The Court rejected Settlement Company’s argument that conversion could not occur because the funds were commingled with other funds in the escrow account, noting that such view of commingling is too broad. “Commingling of funds, in our view, does not occur when funds are placed in an escrow account to be disbursed only by agreement, even if those funds are physically located in the same account with other funds. In other words, if the funds, although physically mixed with other funds in an escrow account, are still under the control of the owner or restricted in use by agreement with the owner, commingling of such funds does not occur.” Op. at 15.
II. Vicarious Liability for Employee’s Misuse of Funds
The Court also held that sufficient evidence existed to present to the jury the issue of whether Settlement Company was vicariously liable for Branch Manager’s misconduct. The Court noted the general rule that “an employer cannot be held liable for the criminal acts of an employee, unless they were committed during the course of employment and to further a purpose or interest, however excessive or misguided, of the employer.” Op. at 19-20.
Here, because Branch Manager was authorized to receive and disburse funds from the Settlement Company escrow account in order to conduct Settlement Company’s business, including the receipt and disbursement of Lender’s funds, and Settlement Company earned closing fees on the projects in question, the Court concluded that a reasonable jury could find that Branch Manager’s misconduct – disbursing Lender’s funds pursuant to Developer’s instructions, instead of returning the funds to Lender per their agreement – was in furtherance of the employer’s business and authorized by the employer.” Op. at 21.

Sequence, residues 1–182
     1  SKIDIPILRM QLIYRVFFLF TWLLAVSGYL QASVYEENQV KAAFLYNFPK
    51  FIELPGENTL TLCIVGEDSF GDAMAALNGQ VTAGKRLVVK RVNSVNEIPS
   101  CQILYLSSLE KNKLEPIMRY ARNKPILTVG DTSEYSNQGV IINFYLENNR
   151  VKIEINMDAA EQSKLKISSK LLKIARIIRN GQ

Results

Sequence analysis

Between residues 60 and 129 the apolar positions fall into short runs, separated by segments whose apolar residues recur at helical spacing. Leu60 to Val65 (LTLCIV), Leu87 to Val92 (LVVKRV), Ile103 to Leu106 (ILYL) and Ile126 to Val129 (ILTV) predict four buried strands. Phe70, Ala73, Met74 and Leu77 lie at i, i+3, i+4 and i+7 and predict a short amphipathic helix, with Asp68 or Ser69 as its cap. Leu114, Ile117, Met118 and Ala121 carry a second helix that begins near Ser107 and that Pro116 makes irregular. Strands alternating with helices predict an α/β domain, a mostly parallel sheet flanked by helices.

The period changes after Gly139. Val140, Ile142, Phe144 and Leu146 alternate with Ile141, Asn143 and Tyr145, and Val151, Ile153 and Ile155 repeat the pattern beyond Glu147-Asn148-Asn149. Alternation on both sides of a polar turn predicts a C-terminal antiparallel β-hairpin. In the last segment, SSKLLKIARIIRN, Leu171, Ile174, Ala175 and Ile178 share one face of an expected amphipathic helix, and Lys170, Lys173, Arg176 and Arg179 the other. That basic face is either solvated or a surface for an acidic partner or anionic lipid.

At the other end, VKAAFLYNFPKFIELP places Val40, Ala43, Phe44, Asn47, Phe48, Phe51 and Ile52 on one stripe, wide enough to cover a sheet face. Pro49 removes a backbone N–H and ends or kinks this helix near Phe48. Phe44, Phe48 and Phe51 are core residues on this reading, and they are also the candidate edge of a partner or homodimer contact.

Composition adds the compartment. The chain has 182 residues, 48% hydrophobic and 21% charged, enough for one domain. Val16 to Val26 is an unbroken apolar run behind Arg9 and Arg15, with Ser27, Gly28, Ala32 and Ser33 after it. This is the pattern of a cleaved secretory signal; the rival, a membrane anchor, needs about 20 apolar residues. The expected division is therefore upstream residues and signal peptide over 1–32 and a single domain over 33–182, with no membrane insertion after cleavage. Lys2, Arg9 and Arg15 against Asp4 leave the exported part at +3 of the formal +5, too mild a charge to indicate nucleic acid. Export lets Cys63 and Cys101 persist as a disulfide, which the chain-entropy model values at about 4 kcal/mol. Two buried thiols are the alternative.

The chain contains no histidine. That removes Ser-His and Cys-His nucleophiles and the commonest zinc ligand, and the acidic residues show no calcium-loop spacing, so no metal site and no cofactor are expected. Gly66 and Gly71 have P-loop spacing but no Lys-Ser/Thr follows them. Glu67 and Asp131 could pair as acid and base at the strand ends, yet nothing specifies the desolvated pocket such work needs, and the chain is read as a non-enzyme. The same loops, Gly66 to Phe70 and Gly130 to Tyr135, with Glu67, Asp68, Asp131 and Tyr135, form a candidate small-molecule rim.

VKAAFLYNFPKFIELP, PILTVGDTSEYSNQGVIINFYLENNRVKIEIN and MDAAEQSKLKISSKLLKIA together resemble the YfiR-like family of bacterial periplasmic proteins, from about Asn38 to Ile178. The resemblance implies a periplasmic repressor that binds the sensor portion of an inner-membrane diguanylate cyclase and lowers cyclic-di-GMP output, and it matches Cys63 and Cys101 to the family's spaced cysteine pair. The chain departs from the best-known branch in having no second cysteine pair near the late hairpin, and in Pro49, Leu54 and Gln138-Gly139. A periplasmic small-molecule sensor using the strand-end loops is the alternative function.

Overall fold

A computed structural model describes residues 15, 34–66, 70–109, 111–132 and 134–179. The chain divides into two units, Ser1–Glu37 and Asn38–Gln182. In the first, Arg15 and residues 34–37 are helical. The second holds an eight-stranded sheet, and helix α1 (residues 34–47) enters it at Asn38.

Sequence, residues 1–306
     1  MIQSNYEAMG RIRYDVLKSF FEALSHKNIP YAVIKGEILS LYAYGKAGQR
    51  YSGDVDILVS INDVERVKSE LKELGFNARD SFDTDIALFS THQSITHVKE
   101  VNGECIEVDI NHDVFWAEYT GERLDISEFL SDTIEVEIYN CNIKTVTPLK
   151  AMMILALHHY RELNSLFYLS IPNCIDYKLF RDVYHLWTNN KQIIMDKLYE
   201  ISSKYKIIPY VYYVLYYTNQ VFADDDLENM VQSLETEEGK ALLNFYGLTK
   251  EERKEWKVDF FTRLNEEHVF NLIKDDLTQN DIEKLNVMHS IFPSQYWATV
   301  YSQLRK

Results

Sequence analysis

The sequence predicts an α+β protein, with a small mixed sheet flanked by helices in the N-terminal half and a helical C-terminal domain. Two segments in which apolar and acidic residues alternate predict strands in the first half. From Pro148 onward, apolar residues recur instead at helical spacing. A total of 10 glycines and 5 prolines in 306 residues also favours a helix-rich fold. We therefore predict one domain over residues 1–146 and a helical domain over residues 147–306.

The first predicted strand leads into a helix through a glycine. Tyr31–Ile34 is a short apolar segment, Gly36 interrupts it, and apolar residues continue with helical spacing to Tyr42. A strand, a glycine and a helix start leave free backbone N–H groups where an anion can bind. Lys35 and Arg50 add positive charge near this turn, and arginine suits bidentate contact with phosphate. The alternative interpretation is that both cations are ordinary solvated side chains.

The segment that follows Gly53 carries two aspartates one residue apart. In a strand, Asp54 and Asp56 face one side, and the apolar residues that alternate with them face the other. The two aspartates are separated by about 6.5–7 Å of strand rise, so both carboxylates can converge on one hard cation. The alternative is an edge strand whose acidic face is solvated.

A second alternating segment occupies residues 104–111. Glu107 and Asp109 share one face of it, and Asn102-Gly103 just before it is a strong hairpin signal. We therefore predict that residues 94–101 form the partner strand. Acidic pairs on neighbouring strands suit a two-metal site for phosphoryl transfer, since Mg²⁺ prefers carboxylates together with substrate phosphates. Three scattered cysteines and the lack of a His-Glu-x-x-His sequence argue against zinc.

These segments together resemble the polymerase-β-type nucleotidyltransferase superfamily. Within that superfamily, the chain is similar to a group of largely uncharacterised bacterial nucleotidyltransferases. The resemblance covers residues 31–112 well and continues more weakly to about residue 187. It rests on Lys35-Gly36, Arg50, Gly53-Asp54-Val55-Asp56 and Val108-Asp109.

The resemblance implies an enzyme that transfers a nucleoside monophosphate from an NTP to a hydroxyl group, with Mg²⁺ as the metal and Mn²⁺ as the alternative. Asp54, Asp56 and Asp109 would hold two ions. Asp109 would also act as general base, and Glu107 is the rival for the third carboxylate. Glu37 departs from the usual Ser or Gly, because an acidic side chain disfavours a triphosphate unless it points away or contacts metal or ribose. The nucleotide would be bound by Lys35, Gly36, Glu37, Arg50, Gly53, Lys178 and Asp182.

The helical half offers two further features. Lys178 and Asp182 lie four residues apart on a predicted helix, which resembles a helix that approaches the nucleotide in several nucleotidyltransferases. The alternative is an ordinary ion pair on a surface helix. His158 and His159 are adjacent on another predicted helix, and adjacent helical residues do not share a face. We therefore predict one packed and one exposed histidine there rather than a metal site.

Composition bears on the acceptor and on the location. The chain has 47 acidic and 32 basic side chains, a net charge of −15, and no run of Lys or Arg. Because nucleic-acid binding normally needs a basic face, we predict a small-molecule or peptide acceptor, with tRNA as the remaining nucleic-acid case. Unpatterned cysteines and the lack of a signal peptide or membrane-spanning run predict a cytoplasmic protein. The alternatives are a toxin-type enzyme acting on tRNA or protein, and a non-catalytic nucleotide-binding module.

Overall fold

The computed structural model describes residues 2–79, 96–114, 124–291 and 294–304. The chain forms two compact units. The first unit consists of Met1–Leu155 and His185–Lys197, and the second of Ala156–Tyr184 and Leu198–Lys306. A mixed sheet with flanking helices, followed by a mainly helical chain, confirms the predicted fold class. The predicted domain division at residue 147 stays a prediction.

Moreover, the Court noted that such misconduct was foreseeable, because Branch Manager had previously violated Settlement Company’s policy in an incident where he accepted personal checks, and therefore, as articulated by the trial court, Settlement Company was “on notice that [Branch Manager] may be engaging in questionable conduct.” Op. at 21.
III. Negligence: Expert Testimony Required
The Court affirmed the judgment in favor of Settlement Company on the negligence claim, because Lender failed to adduce or designate expert testimony as to the standard of care for a settlement company. The Court noted that “[a]lthough ‘expert testimony is generally necessary to establish the requisite standard of care owed by the professional[,]’ such testimony is not needed when ‘the alleged negligence, if proven, would be so obviously shown that the trier of fact could recognize it without expert testimony.’” Op. at 27 (citing Schultz v. Bank of America, 413 Md. 15, 30-31 (2010)).